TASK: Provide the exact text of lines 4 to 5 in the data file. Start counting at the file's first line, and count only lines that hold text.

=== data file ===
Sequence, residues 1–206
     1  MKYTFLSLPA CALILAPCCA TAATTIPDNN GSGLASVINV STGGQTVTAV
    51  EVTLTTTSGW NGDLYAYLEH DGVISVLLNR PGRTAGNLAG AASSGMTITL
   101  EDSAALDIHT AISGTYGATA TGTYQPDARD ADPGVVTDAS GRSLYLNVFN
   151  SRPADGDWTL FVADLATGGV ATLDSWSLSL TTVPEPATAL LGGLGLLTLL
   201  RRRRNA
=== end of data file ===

   101  EDSAALDIHT AISGTYGATA TGTYQPDARD ADPGVVTDAS GRSLYLNVFN
   151  SRPADGDWTL FVADLATGGV ATLDSWSLSL TTVPEPATAL LGGLGLLTLL